If inventory is something you have to manage in your business, the The Amazing 80/20 Rule Tool can have a powerful impact on profit and cashflow.

This is a Yellow Belt article

At several places in Profit Savvy we discuss the fact that inventory is not necessarily an asset to a company. Inappropriate inventory management can mean that inventory actually becomes a liability to a company aspiring to high performance.

It is very easy to see that the 20% of your best selling products are likely to be the first ones to run out of stock in your inventory for the very reason they are your fastest moving lines.  This can be very expensive (see Cost of Over and Under Stocking Recipe).  The 80/20 theory would say that you need to focus attention on making sure that you don't run out of the 20% of your best selling lines so as to minimise the loss you make from stock outages.

On the other hand, it is also immediately obvious that any product that sells slowly is likely to mount up in your inventory.  This will be especially be true if your inventory system is not very well tuned to monitor the sales of your product and inventory is bought on automatic pilot rather than tracking the rate it is sold.

If you are looking at your present inventory there are several things that you can do to improve your inventory management.

Inventory Tracking Systems

First, make sure that your inventory tracking systems are adequate to ensure that you don't run short of your best selling lines.  By definition, any money lost here is comparatively easy money to make.

Also, the fact that they are best selling lines means that they are popular and if you don't have them in stock when your customers need them, they may well go elsewhere to shop.  Having gone elsewhere to shop, they may stay at that other place and you lose them.  So your best selling lines are both critical for your immediate income and to maintain your best customers.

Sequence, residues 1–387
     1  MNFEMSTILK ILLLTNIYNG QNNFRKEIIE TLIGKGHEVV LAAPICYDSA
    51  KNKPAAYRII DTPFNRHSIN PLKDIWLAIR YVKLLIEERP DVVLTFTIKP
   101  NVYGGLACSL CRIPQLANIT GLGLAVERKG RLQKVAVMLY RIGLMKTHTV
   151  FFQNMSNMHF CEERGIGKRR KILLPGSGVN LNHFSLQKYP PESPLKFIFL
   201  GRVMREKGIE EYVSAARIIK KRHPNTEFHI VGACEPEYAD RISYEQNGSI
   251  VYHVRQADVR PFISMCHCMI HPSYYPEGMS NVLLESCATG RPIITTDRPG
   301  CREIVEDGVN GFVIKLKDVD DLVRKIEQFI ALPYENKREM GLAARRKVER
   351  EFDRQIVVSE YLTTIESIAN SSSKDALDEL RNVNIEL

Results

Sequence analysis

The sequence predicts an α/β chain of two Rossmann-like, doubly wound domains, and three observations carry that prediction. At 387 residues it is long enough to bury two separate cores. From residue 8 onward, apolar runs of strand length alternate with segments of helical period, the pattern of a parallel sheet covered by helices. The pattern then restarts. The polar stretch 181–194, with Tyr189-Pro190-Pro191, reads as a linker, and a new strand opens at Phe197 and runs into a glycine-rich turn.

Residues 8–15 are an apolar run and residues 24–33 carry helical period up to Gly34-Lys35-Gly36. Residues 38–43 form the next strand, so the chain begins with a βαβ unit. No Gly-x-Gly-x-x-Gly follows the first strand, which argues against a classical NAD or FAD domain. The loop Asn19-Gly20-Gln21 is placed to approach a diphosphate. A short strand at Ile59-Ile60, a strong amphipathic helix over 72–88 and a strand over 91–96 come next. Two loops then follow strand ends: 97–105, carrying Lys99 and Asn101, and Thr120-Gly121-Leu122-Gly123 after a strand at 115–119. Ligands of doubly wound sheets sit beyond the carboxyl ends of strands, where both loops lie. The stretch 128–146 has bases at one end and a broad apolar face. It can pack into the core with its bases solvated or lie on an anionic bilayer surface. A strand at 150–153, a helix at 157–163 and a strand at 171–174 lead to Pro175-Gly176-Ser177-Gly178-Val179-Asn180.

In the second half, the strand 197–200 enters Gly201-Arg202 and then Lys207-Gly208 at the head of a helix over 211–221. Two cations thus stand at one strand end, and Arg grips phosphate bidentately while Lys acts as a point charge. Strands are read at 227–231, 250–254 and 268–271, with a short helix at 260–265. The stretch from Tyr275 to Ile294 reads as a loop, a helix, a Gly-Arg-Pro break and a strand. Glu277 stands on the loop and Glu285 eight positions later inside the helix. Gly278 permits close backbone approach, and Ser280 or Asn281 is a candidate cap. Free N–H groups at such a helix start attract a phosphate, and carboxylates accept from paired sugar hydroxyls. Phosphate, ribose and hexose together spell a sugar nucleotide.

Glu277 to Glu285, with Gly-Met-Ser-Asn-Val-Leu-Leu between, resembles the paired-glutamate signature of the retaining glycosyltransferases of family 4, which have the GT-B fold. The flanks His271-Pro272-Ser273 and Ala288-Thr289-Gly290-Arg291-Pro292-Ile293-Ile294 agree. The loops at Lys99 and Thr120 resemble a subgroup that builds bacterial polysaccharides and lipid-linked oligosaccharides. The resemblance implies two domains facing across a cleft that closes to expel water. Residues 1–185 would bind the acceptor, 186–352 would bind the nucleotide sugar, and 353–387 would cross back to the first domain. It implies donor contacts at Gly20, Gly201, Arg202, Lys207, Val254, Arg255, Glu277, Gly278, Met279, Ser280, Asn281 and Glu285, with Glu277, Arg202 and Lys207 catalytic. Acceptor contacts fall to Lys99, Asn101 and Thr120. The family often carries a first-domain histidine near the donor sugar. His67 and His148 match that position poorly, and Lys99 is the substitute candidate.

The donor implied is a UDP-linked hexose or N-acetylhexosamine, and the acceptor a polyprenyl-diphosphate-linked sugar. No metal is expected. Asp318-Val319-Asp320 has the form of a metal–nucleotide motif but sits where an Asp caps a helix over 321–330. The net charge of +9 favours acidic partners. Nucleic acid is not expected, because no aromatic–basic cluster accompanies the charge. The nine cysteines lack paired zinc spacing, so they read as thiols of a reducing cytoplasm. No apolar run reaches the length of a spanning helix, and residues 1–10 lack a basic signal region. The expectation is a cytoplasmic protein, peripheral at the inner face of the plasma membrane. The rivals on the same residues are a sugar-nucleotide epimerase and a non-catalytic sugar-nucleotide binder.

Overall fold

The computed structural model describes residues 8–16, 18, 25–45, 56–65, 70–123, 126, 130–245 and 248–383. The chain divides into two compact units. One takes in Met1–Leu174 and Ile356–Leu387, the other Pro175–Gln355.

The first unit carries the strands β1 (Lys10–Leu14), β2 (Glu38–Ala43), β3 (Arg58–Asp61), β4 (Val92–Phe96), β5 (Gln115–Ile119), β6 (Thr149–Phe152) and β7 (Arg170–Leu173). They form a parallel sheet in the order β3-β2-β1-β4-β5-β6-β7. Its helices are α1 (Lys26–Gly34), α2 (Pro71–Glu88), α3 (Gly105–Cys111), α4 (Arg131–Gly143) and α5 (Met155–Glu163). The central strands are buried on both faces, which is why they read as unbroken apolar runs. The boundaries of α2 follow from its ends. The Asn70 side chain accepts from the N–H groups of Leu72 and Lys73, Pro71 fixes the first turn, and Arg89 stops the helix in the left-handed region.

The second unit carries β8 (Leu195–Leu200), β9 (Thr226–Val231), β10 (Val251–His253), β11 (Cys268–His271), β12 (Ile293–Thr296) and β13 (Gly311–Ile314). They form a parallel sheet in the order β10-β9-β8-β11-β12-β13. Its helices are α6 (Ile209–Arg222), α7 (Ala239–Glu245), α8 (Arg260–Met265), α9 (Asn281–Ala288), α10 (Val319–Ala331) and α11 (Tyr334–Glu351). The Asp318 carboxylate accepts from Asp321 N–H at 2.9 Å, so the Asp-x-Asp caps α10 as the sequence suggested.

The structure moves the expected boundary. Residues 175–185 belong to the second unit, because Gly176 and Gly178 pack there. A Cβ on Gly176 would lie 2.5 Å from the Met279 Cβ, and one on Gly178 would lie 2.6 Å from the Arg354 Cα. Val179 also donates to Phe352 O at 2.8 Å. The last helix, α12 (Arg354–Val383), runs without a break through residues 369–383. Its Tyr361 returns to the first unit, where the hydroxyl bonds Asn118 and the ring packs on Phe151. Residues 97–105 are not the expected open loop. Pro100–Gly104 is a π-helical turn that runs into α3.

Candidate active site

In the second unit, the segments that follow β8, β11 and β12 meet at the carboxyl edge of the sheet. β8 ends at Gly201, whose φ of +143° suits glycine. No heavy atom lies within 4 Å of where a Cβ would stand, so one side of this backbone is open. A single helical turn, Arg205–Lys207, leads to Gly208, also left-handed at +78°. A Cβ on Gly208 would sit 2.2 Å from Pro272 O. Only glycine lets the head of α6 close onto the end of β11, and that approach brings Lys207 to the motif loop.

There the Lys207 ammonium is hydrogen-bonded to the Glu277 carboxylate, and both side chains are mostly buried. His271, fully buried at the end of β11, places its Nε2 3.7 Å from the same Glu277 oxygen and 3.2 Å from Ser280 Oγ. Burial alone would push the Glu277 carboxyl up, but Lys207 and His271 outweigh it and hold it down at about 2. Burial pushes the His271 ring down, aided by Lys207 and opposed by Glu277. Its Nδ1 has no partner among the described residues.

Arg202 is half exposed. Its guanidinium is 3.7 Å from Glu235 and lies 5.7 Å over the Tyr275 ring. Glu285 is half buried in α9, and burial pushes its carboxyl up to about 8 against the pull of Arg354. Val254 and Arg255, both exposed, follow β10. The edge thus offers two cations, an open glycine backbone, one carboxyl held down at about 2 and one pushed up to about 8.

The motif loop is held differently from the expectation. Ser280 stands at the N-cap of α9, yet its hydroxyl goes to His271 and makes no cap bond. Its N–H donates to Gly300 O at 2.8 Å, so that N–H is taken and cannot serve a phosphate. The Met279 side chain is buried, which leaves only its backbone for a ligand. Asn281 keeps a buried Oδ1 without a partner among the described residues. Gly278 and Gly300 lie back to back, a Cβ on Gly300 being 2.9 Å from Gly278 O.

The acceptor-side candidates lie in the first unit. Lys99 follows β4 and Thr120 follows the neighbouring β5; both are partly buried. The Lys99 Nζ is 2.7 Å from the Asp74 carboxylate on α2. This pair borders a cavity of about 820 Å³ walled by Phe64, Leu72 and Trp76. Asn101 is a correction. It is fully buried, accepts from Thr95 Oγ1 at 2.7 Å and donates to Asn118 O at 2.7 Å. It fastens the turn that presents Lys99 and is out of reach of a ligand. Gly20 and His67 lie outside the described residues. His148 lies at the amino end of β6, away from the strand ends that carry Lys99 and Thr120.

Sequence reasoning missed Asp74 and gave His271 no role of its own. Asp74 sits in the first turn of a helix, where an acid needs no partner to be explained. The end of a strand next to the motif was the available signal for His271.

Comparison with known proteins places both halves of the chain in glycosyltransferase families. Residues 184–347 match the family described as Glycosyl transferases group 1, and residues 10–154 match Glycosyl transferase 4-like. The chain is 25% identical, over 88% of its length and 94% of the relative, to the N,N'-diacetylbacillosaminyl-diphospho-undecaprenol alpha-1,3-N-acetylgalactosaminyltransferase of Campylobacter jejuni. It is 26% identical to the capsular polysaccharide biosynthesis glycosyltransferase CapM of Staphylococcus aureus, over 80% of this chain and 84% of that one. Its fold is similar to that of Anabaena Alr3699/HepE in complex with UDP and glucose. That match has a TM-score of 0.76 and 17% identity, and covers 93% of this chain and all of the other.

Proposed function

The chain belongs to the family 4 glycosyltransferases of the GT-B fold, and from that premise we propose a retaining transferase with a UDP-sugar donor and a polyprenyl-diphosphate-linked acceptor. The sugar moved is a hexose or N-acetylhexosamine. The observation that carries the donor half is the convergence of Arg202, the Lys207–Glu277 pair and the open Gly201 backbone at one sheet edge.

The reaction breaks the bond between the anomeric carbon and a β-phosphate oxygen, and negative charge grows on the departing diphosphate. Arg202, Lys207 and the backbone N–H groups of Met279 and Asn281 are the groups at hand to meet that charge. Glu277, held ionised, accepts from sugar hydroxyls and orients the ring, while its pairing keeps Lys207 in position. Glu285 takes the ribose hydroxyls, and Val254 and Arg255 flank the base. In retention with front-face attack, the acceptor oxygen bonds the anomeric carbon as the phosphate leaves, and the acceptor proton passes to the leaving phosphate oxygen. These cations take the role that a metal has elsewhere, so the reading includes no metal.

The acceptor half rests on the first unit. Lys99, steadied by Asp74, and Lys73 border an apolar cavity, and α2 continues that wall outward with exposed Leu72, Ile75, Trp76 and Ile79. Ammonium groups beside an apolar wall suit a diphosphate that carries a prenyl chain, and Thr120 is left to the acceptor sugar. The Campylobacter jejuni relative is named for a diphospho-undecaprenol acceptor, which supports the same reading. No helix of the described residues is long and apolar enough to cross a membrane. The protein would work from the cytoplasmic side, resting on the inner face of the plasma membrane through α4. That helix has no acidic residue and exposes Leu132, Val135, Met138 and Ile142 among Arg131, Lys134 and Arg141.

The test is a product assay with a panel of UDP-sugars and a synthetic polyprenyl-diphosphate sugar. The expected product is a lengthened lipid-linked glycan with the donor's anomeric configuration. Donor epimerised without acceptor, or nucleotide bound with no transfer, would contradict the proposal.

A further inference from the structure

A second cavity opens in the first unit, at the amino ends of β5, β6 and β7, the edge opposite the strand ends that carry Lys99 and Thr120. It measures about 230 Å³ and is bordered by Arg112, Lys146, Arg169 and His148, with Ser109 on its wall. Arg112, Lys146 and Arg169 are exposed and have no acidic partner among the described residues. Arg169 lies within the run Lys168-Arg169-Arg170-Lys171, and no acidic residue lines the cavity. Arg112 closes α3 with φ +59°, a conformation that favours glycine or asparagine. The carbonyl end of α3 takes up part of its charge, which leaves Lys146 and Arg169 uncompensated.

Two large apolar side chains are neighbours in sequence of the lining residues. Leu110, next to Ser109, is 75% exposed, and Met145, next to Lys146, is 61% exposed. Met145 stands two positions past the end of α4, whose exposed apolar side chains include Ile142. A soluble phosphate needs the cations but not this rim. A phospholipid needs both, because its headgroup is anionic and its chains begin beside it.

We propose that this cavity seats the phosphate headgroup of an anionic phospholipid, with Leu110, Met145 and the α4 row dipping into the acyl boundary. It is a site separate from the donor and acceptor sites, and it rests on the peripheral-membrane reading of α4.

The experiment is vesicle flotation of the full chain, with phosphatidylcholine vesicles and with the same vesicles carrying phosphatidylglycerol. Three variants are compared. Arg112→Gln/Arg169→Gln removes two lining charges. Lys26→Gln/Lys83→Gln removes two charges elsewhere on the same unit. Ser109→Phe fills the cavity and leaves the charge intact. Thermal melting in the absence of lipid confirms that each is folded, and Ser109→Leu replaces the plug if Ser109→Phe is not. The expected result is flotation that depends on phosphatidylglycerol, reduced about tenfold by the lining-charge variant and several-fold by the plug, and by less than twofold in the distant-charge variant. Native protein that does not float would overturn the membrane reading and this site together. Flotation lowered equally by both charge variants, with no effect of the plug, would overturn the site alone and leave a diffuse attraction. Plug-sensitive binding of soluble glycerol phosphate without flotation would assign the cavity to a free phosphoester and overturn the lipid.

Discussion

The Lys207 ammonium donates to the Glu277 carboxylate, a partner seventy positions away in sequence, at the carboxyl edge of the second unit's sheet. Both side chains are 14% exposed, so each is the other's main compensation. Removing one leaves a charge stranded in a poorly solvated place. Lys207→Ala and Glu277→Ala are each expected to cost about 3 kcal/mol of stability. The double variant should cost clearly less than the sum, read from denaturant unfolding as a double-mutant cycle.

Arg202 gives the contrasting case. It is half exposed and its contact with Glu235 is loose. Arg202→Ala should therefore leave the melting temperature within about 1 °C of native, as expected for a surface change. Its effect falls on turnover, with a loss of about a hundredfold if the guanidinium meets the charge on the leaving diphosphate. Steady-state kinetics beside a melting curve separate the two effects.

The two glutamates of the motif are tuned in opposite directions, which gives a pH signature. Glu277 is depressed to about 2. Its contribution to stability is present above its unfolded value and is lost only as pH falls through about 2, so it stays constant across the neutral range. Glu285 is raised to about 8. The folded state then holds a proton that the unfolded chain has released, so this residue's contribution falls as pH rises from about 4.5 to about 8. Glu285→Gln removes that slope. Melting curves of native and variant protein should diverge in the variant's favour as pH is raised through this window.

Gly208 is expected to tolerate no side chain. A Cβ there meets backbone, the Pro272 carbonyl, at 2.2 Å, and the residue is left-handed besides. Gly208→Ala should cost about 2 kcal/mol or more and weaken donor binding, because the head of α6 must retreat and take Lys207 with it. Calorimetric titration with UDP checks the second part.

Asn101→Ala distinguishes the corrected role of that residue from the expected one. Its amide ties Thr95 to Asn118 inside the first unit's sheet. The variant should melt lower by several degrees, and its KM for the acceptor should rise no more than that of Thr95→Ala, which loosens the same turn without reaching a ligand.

Second, cut back on purchasing items that are very slow moving so that you have only sufficient in your system to meet immediate reasonable demands.

Third, you can attempt to reduce your cost of inventory by putting that cost somewhere else in the supply chain. Consider only buying comparatively small quantities from your suppliers as you need them.  You may find that you are making purchases more frequently but, providing the delivery costs are not extraordinarily high, you have placed the cost of inventory back in your suppliers’ accounts rather than on your accounts.  Alternatively, perhaps you can move stock to your own clients and stockpile it with them so that they draw on inventory as they need it and you replenish it as they draw down. A good example here would be a client that is a supermarket and they have a large amount of product at any point in time stored on the supermarket shelves.

There is a negative to watch out for in this last example.  The term “channel stuffing” refers to pushing your product on downstream customers in volumes greater than their demand calls for and may not be a healthy practice.

Throughput Accounting (see Throughput Accounting article) points out the fact that you haven’t made any money on a sale until you have the cold hard cash in your hands. Even if the client has taken the product, it is still your inventory until they have paid for it. Pushing this excess inventory downstream without being paid and booking “sales” looks good on paper but will adversely impact on your cashflow. Many companies have collapsed because of cashflow problems from “channel stuffing” even though their sales looked good.

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